}

}

}

//transform to range [0,1] or [0,100]
A[s,] = Phi_approx(A_normal[s,]);
tau[s,] = Phi_approx(tau_normal[s,])*100;
gamma[s,] = Phi_approx(gamma_normal[s,]);
C_const[s,] = Phi_approx(C_normal[s,]);

}

}

model {

// define prior distributions

// hyperparameters (group-level means)
mu ~ normal(0, 1);

// Subject-level raw parameters
A_sub_m ~ normal(0, 1);
tau_sub_m ~ normal(0, 1);
gamma_sub_m ~ normal(0, 1);
C_sub_m ~ normal(0, 1);

// Condition-level raw parameters
A_sub_con_m ~ normal(0,1);
tau_sub_con_m ~ normal(0,1);
gamma_sub_con_m ~ normal(0,1);
C_sub_con_m ~ normal(0,1);

// cross-level interactions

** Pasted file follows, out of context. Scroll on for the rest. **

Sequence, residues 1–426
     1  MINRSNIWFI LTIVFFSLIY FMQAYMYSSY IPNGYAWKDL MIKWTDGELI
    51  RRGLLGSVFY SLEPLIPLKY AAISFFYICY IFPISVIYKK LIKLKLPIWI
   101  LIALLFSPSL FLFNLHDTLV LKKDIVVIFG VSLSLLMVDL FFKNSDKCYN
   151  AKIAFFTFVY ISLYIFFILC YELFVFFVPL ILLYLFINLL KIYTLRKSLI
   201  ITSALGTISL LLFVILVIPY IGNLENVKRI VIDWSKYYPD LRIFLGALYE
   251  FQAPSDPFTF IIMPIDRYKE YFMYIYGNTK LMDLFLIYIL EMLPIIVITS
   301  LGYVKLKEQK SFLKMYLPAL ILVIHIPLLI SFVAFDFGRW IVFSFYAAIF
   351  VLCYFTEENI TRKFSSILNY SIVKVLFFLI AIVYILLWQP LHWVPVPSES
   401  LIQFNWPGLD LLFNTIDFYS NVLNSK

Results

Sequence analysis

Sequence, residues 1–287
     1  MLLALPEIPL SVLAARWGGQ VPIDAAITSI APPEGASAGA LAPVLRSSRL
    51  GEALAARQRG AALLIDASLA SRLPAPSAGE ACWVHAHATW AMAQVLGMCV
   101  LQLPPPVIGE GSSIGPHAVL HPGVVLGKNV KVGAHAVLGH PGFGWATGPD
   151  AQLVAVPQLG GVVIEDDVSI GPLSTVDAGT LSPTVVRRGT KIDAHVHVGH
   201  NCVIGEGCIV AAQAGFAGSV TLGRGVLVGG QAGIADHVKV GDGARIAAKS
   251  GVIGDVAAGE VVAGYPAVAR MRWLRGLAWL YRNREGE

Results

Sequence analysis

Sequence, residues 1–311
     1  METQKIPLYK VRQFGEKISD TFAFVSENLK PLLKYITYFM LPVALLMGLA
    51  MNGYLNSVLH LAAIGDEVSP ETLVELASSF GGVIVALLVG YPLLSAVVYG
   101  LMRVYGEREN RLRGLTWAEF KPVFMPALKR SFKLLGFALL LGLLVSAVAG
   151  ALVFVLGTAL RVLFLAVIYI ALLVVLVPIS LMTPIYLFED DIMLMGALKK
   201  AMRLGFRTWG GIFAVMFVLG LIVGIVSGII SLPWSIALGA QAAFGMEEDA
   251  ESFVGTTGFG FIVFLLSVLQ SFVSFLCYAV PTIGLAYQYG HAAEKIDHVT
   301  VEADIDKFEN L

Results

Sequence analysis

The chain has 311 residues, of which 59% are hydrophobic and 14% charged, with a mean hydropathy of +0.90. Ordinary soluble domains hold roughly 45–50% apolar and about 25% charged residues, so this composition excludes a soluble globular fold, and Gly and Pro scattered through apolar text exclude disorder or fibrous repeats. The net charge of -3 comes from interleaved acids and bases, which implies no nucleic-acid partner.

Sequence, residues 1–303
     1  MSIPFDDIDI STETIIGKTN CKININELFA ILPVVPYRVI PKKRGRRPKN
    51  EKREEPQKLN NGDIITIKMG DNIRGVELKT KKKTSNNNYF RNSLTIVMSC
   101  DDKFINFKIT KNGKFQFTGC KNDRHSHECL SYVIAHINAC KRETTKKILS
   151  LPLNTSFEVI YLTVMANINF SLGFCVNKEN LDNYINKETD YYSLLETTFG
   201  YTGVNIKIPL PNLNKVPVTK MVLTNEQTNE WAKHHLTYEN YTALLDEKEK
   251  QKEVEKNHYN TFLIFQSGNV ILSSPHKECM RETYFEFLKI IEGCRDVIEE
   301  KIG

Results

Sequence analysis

for (ks in 1:kS) {
A_int_m[,ks] ~ normal(0,1);
tau_int_m[,ks] ~ normal(0,1);
gamma_int_m[,ks] ~ normal(0,1);
C_int_m[,ks] ~ normal(0,1);
}

//visit-level (within subject) SDs
A_visit_s ~ cauchy(0,2);
tau_visit_s ~ cauchy(0,2);
gamma_visit_s ~ cauchy(0,2);
C_visit_s ~ cauchy(0,2);

//SDs of visit-level effects across subjects
A_subj_s ~ student_t(3,0,2);
tau_subj_s ~ student_t(3,0,3);
gamma_subj_s ~ student_t(3,0,2);
C_subj_s ~ student_t(3,0,2);

for (s in 1:N) {
//non-centered parameterization (ncp) variance effect per visit & subject
A_visit_raw[s,] ~ normal(0,1);
tau_visit_raw[s,] ~ normal(0,1);
gamma_visit_raw[s,] ~ normal(0,1);
C_visit_raw[s,] ~ normal(0,1);

//NCP variance effect on subj-level effects
to_vector(A_subj_raw[,s]) ~ normal(0,1);
to_vector(tau_subj_raw[,s]) ~ normal(0,1);
to_vector(gamma_subj_raw[,s]) ~ normal(0,1);